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EDITORIAL: Does Buried Evidence Solve Blasts?

Russians have spent the past few days trying to put behind them the string of devastating bombings that have left 230 people dead in Moscow and Volgodonsk. And their government has helped - by packing up survivors, putting forth an inexorable single versiya and razing the Moscow explosion sites.

On Saturday, the bombed-out shell of the apartment block on Ulitsa Guryanova was destroyed in a controlled implosion, reducing to rubble the remains of the building and irreparably burying beneath it any remaining traces of evidence - just 10 days after the explosion.

Workers at Kashirskoye Shosse, meanwhile, began clearing rubble from the site as early as Sept. 13 - the day of the bombing. Dumping everything from blood-covered bricks to furniture to family mementos in a nearby lot, emergency workers left the remains of the leveled building to be freely picked over by scavengers.

The rest depends on forensics. Whatever evidence managed to be collected in the extremely short span of time between the bombings and subsequent cleanup efforts is all that will ever exist in the two Moscow incidents. (In the Oklahoma City bombing, five weeks of intensive search efforts passed before the building was imploded; the site itself remained open for three months. However, the case was ultimately cracked not by on-site evidence, but by following the paper trail.) The Moscow cases may be simply solved, but if they're not, untold traces of chemical residue, fingerprints, technical fragments, or hair and DNA samples that were present at the sites are now irrevocably lost.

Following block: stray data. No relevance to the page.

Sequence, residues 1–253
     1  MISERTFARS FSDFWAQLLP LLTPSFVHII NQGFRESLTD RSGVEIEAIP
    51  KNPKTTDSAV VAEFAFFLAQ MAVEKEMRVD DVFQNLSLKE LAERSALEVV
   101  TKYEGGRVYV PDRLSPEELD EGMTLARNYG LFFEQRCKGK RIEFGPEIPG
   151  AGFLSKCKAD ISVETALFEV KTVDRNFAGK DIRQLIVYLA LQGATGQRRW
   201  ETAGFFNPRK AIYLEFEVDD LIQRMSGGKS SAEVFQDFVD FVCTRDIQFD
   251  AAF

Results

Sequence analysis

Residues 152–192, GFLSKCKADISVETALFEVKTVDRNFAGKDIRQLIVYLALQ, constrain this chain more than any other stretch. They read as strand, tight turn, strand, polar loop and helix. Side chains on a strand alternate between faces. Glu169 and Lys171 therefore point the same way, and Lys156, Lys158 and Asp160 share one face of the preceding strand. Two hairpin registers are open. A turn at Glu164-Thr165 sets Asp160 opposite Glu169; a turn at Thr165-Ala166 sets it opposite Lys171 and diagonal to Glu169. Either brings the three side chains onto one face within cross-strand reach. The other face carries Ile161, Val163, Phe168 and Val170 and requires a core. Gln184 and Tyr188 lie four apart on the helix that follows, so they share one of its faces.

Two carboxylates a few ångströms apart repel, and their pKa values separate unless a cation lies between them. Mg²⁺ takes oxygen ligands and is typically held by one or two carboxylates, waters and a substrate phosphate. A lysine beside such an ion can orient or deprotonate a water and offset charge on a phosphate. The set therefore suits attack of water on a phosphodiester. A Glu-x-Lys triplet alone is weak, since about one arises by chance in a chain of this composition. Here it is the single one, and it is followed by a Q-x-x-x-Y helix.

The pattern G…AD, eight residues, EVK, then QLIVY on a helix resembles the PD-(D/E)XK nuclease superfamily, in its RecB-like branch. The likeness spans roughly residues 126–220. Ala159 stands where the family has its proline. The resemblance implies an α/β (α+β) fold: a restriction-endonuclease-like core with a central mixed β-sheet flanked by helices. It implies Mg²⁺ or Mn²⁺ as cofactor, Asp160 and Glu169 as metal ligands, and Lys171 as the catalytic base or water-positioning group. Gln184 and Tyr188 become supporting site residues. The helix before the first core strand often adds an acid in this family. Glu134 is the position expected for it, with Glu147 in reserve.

Is this ignorance? In the capital city of a country where the current prime minister, Vladimir Putin, was once its top security official, the assumption sells the FSB short. The Federal Security Service has the equipment, know-how and political clout required to perform a proper investigation.

It also has the connections necessary to request foreign assistance. Putin and U.S. National Security Adviser Sandy Berger reportedly enjoy friendly relations; the Foreign Intelligence Service over the past months has worked with the CIA on "issues of international terrorism." The FBI is cooperating with the FSB and Interior Ministry in their money-laundering investigation; it has offered its services in the bombing cases as well.

Few bombing sites are destroyed as quickly as those at Ulitsa Guryanova and Kashirskoye Shosse. The Chechen theory has proved both viable and convenient for federal authorities; investigators clearly think they've got a lock on their suspects. Are they playing it safe and making sure no other options turn up?

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